Hugs to all wherever in the World you are,

Francesca

UNV at WFP Mozambique  (Tete Sub-Office)

Kenya: first experiences and next elections

KENYA: My first two filed trips outside the office just a two weeks after my arrival. The first one is in Nakuru, just few hours drive from Nairobi.

Together with the team of Disaster Risk Reduction and Recovery we are going to visit the projects for the recovery of the livelihoods after the Post election violences (PEV, how they like to call it here at the UN).

The last national elections of 2007/2008 in Kenya, were followed by clashes and violences, which led families and individuals to leave or lose their houses. Although the numbers are still now uncertain, there were around 670,000 people displaced and around 1,300 who died. As a consequences, in the areas affected, all the livelihood activities were stalled. Four years have passed since then. During these years, the Government, with the support  of the UNDP (and other UN agencies) have worked  on recovering the livelihoods and the lives of those people who had to leave their lands and move somewhere else. Several were the projects brought forward: first of all some camps for displaced people were build, to be able to give a house to those who had lost it, then District Business Solution Centres were established to help micro-enterprises, tools and inputs for breeding, farming and fish farming were provided, and several projects to mobilize young people took place.

In Nakuru we went to visit two camps for Internal Displaced People (IDPs, that’s how the people who lost their houses are called). In both camps, a fish farming project had been implemented. Some groups of people within the camps were provided with trainings on fish farming, they were supported with the construction of the ponds, provided with fingerlings and  fish feed.

The fingerlings were installed in May and the fish farming groups are waiting for the first cycle of production.  The project, if successful, could allow the groups to develop it and make it a stable point of the economy of the communities. The demand of fish in the surrounding area is already present, given that Nakuru and Naivasha are both quite touristic, because of the wonderful lakes and the wildlife. In the camps, we had also the chance to see some examples of businesses that were started after some trainings organized by the government. The trip was extremely interesting and it was an occasion for me to understand what we are really doing on the field.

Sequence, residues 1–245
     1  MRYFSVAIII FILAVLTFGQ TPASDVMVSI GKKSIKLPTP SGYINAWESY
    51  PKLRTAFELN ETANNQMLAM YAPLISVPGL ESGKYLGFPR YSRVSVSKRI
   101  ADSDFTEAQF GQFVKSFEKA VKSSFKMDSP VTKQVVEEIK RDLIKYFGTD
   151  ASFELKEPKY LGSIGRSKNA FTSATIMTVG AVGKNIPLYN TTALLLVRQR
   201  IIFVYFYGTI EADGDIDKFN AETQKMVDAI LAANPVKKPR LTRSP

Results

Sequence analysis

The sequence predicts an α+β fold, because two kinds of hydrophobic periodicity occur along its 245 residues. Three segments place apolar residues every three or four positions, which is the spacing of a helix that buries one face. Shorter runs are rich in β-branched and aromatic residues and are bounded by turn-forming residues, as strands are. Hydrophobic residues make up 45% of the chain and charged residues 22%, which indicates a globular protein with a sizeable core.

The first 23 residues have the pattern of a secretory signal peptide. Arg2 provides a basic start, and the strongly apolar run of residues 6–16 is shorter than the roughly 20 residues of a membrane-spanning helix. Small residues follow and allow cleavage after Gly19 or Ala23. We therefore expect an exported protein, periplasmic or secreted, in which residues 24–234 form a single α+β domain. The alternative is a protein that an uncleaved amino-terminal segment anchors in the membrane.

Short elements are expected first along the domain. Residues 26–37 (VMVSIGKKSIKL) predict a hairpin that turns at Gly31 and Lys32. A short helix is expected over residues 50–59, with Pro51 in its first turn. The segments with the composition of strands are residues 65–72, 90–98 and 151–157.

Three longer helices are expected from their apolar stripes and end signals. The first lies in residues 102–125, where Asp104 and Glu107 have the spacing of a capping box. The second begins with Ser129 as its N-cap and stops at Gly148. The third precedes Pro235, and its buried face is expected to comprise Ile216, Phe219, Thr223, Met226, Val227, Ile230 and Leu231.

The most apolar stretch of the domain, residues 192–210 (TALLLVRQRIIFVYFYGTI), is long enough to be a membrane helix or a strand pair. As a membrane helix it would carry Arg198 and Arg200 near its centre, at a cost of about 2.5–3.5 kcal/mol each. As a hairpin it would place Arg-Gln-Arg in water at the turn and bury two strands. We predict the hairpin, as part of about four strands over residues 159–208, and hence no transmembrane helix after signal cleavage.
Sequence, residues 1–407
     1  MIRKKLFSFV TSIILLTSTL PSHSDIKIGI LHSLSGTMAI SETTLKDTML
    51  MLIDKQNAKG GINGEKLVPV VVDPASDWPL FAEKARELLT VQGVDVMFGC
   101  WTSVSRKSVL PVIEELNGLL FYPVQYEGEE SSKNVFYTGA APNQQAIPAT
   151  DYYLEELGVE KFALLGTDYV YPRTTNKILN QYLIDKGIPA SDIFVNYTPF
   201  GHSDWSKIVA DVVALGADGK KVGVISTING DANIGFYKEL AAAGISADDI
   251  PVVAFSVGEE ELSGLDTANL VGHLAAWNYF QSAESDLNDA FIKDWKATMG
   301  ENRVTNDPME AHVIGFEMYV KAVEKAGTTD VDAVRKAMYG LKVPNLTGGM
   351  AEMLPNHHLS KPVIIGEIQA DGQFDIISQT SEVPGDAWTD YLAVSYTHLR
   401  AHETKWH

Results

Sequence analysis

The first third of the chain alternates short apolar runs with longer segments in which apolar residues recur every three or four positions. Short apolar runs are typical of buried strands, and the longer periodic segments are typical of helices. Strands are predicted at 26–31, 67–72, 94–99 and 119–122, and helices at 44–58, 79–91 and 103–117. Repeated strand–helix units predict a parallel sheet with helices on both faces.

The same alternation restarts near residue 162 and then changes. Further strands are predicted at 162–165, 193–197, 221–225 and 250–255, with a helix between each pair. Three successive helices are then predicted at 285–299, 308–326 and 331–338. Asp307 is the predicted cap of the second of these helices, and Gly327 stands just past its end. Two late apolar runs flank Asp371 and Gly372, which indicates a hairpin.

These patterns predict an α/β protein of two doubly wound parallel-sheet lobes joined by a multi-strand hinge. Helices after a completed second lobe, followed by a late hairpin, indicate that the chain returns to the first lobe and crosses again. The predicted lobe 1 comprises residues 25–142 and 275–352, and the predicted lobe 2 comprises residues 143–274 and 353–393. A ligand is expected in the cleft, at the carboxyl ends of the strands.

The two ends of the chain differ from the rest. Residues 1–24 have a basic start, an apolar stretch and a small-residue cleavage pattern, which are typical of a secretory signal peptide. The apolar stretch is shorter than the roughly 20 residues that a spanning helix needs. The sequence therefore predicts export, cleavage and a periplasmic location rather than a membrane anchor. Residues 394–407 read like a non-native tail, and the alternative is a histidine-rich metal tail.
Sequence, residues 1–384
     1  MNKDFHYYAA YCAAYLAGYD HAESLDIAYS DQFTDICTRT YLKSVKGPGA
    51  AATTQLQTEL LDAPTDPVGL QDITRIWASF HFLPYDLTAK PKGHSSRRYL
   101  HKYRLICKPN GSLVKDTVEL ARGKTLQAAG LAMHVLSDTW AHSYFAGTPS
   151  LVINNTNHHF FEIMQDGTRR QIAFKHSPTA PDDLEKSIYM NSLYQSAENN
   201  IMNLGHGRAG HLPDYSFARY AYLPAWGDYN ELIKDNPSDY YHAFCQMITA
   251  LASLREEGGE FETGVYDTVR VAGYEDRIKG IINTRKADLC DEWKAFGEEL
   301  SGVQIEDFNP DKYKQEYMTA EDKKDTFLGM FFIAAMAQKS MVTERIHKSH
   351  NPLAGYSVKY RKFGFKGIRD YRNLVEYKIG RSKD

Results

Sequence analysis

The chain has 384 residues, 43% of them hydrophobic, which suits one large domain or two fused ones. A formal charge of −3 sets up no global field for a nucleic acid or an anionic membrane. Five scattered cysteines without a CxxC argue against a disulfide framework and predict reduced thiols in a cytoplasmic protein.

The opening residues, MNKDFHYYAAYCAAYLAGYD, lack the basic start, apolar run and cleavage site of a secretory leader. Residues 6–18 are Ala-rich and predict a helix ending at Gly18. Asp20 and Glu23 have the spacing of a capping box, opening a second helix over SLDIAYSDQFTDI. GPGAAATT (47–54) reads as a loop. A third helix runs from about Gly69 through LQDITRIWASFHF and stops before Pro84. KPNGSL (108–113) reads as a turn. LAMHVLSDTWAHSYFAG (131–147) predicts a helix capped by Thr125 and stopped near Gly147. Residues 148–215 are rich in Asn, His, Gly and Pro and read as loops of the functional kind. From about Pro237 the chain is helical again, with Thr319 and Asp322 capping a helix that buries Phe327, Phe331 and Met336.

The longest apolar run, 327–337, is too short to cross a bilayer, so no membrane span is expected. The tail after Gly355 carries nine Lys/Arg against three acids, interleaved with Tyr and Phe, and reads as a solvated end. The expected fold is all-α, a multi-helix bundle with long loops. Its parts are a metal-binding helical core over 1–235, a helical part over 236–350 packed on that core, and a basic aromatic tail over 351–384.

At the end of these two days of visits, I was sent to a conference among the representative of political parties to discuss solutions on the topic of internal displacement, with an eye to the next elections. In order to carry out

a peaceful electoral campaign the parties of Kenya, under the initiative of the UNDP Kenya, have formed the Political Parties Collaborative Leaders Forum, with the aim of finding a common space where to meet and to discuss about the elections and the issues related to it. This particular conference was called to find a common understanding for durable solutions to Internal Displacement. Representative of t he Parliamentary Select Committee on IDPs and of the National Cohesion and Integration Commission were also present.

The debate was interestingly very heated. I realized how Kenyan politics is still driven by tribes issues. Despite the terrible consequences of tribalism at the last elections, the political parties are not yet able to focus on ideologies or political views. Most of the speeches were addressed to issues concerning IDPs that were still not resettled because of their geographical or ethnic provenience. Some of the speakers ended up being quite aggressive in the tone of their speeches, although I was not able to understand all of them, given that some were speaking in Swahili. On Saturday, after two days of conference, I thought I had already managed to collect lots of useful information about Kenya, but it was not finished yet.